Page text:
Child Support Law in Washington
Often child support calculations in Washington are a simple manner. However, sometimes child support calculations depend on highly technical inputs coupled with a large amount of discretion. It takes a highly experienced family law attorney to know what a court is likely to do and to guide you efficiently through the process. All parents have an obligation to support their children. In special circumstances, such as a divorce, the State of Washington prescribes how much that support should be. The issue of child support arises nearly whenever there are children involved including: divorces, parenting plan modifications, paternity cases, third party custody actions and in relocation cases.
Child Support Formula
Child support in Washington is largely determined by formulas created by the legislature. However, as with any formula, if you put “junk” into the formula, your answer will be junk too. There are lots of opportunities to put incorrect information into the formula and some of the information called for by the formula is debatable, or in the discretion of the court, so predicting exactly how the court will set the child support is more difficult than it first appears. Parents often make the incorrect assumption that they can simply agree on what the child support should be.
Child Support Complexities
Some of the information that goes into the child support formula is more important or influential on the final outcome than other information. One of the more important pieces of information is the amount of each parent’s income. The court will be concerned about each parent’s current income; however, how one measures “current” income is often debatable or subject to what information is available. Sometimes it is fairly simple to determine current income and sometimes it requires extensive discovery and even the use of financial experts. Parents in business sometimes assume that all of the deductions allowed by the Internal Revenue Service should be deducted from their gross business income and often that is not the case. There is significant room for argument and interpretation regarding whether overtime is included, whether income should be “imputed” or assumed to exist, and what deductions are appropriately subtracted from gross income for child support calculation purposes.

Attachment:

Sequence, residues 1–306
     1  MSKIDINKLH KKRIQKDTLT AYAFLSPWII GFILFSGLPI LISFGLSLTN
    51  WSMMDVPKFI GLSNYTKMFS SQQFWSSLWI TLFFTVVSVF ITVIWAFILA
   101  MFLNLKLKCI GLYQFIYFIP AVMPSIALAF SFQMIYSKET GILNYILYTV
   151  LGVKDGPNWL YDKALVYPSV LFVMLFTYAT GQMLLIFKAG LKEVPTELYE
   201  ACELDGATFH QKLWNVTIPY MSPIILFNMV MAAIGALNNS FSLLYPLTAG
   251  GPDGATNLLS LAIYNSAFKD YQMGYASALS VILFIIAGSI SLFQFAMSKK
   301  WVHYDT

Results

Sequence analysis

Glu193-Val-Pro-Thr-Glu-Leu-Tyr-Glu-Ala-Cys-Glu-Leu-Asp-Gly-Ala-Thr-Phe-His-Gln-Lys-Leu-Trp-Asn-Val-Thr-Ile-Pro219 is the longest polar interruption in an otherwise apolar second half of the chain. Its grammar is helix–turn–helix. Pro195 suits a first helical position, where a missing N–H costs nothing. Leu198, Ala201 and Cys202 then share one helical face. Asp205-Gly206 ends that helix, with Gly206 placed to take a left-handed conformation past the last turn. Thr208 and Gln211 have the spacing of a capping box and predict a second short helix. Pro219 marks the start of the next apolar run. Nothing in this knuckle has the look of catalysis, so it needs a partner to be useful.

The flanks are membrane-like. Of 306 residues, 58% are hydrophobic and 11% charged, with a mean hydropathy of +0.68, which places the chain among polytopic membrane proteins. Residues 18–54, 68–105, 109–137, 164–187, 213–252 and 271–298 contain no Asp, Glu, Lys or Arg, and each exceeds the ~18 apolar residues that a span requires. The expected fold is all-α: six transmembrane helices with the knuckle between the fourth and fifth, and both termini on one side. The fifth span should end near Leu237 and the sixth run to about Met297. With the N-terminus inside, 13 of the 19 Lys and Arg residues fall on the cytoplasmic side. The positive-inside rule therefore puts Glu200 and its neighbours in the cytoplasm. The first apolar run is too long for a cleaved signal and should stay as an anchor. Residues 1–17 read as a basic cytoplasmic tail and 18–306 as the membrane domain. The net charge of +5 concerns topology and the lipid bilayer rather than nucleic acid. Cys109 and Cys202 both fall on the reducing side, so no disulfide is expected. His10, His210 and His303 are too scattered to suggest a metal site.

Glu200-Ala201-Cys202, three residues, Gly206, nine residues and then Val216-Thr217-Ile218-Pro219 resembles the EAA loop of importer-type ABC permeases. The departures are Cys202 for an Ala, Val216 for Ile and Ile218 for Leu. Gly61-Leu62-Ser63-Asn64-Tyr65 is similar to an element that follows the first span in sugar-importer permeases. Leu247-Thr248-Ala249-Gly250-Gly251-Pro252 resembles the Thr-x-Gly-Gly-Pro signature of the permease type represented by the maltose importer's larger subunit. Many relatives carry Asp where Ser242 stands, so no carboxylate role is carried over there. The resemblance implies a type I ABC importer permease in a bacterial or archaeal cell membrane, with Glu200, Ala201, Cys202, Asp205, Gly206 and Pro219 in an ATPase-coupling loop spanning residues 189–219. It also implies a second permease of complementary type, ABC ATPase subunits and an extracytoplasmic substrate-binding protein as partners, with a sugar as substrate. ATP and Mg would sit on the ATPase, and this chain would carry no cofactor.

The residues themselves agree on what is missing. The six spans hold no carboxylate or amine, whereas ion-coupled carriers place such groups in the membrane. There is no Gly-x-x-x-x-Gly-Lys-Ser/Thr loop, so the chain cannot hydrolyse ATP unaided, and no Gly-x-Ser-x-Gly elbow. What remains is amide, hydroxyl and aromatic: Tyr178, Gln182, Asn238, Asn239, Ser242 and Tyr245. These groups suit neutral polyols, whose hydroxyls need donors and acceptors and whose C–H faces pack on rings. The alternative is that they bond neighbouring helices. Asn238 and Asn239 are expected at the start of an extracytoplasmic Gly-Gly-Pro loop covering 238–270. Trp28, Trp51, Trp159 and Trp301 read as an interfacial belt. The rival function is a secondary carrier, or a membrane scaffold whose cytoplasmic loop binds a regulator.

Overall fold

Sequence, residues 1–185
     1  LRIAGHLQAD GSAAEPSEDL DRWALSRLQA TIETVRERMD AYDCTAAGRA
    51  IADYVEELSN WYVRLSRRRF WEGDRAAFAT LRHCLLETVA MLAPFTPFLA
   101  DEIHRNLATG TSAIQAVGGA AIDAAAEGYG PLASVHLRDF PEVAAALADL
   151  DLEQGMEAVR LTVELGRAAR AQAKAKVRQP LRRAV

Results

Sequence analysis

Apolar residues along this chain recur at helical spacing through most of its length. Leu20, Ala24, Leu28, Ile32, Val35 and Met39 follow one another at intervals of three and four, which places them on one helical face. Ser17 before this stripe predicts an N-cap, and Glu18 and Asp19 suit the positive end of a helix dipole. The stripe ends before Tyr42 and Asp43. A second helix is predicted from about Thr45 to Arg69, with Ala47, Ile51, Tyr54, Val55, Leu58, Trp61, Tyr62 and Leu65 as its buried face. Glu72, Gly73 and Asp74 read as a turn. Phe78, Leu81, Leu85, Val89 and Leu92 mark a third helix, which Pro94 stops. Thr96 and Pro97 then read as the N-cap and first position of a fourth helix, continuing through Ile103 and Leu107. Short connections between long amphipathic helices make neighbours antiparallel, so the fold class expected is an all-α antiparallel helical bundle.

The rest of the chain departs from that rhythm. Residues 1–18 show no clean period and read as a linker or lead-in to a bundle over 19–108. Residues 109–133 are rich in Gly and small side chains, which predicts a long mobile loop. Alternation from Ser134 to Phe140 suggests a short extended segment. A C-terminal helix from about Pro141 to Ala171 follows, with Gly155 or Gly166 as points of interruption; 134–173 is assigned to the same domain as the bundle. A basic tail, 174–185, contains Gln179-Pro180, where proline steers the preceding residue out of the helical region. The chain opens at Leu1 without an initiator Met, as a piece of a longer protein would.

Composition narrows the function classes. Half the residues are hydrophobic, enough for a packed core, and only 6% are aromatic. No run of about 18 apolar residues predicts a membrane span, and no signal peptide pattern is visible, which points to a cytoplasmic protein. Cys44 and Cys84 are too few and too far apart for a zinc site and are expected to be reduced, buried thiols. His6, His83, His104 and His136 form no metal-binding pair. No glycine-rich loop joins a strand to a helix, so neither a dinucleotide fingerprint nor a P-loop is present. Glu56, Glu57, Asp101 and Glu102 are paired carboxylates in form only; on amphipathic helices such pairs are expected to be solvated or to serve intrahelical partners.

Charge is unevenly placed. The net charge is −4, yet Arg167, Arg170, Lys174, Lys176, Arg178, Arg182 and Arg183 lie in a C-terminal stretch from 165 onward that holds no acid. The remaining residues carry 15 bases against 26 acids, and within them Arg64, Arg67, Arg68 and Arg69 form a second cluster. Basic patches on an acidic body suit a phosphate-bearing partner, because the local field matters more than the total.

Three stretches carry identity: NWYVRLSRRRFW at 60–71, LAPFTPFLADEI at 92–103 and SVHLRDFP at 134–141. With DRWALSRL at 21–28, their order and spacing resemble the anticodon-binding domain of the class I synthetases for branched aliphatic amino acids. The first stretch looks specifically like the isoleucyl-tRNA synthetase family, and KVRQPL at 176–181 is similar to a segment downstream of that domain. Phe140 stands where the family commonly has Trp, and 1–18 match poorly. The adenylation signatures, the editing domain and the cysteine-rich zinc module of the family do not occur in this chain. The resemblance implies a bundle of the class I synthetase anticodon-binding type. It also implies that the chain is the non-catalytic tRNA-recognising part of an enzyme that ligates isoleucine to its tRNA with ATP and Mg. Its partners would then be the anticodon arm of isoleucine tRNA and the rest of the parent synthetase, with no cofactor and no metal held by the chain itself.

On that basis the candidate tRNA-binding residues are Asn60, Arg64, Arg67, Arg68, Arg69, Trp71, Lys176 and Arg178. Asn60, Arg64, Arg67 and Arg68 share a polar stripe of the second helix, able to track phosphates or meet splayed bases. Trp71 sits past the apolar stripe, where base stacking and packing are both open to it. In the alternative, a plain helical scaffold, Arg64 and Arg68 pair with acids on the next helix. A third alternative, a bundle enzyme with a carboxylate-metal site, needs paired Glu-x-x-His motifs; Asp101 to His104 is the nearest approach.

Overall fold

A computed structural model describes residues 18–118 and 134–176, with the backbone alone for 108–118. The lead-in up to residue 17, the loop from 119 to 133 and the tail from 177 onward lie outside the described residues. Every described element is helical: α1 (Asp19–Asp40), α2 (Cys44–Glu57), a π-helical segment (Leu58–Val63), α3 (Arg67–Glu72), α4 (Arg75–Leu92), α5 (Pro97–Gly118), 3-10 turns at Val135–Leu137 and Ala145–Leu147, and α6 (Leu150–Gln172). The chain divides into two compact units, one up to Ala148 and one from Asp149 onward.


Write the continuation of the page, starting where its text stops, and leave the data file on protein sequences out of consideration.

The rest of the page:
After the “standard calculation” is established, the court may increase or decrease the support by deviating up or down from the standard calculation. Deviations are limited to appropriate circumstances. There is virtually no limit to the facts that can underlie the court’s basis for a deviation and so it is important to consult with an experienced family law attorney to determine the strength of your deviation argument. Some of the factors the court can consider when deviating are: a) income of other spouses b) non-reoccurring overtime c) involuntarily incurred debt d) the amount of time the children spend with the paying parent and e) support paid to support children from other relationships. Parents cannot simply agree what a deviation should be – the court must make findings why a deviation from the standard calculation is appropriate.
Courts and attorneys have developed special formulas for different situations. When a couple have more than one child together, and one parent has one child and the other parent has the other child or children, a calculation developed in a case known as Arvey is appropriate. There are several different formulas to calculate support when the children spend a significant amount of time in both households to capture a “residential credit,” but they are not controlling on the court.
One of the more contentious debates between parents is often who will claim the dependent child tax exemption(s). Sometimes accountants will advise a parent that he or she is eligible to take the exemption according to the Tax Code but fail to consider whether a court order has divided the exemption. The court has wide discretion to decide who gets the exemption. Usually, if incomes are close, the exemption(s) are alternated so they are shared evenly, but courts often consider the other financial arrangements between the parents when making this decision and the court is not required to divide the exemption(s) evenly. If you believe the other parent is going to be uncooperative in reimbursing you for extraordinary expenses, or will be late in making a transfer payment, it might be wise to condition the right to claim the exemption on all payments being current. Also, it often beneficial to both parents to give the higher income parent the right to purchase the tax exemption from the other parent.
Day Care, Education, Long Distance and Other Extraordinary Child Rearing Expenses